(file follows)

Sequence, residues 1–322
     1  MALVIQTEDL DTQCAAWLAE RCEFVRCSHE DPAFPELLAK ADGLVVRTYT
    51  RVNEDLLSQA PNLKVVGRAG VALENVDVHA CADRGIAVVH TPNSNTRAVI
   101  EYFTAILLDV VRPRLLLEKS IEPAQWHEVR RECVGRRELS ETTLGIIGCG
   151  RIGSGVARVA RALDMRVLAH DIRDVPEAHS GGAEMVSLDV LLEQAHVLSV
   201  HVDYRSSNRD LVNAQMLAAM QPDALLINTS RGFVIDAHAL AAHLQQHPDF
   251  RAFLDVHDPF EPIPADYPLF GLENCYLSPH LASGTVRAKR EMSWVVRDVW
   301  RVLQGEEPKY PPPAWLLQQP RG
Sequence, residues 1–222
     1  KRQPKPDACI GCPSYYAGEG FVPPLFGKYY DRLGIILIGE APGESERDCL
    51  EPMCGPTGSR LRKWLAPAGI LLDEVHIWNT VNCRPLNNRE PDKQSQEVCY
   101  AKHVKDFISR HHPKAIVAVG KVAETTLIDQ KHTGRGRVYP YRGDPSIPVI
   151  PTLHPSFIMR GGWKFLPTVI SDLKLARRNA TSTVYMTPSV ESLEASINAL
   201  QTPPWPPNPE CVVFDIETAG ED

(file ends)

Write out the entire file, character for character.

Sequence, residues 1–322
     1  MALVIQTEDL DTQCAAWLAE RCEFVRCSHE DPAFPELLAK ADGLVVRTYT
    51  RVNEDLLSQA PNLKVVGRAG VALENVDVHA CADRGIAVVH TPNSNTRAVI
   101  EYFTAILLDV VRPRLLLEKS IEPAQWHEVR RECVGRRELS ETTLGIIGCG
   151  RIGSGVARVA RALDMRVLAH DIRDVPEAHS GGAEMVSLDV LLEQAHVLSV
   201  HVDYRSSNRD LVNAQMLAAM QPDALLINTS RGFVIDAHAL AAHLQQHPDF
   251  RAFLDVHDPF EPIPADYPLF GLENCYLSPH LASGTVRAKR EMSWVVRDVW
   301  RVLQGEEPKY PPPAWLLQQP RG
Sequence, residues 1–222
     1  KRQPKPDACI GCPSYYAGEG FVPPLFGKYY DRLGIILIGE APGESERDCL
    51  EPMCGPTGSR LRKWLAPAGI LLDEVHIWNT VNCRPLNNRE PDKQSQEVCY
   101  AKHVKDFISR HHPKAIVAVG KVAETTLIDQ KHTGRGRVYP YRGDPSIPVI
   151  PTLHPSFIMR GGWKFLPTVI SDLKLARRNA TSTVYMTPSV ESLEASINAL
   201  QTPPWPPNPE CVVFDIETAG ED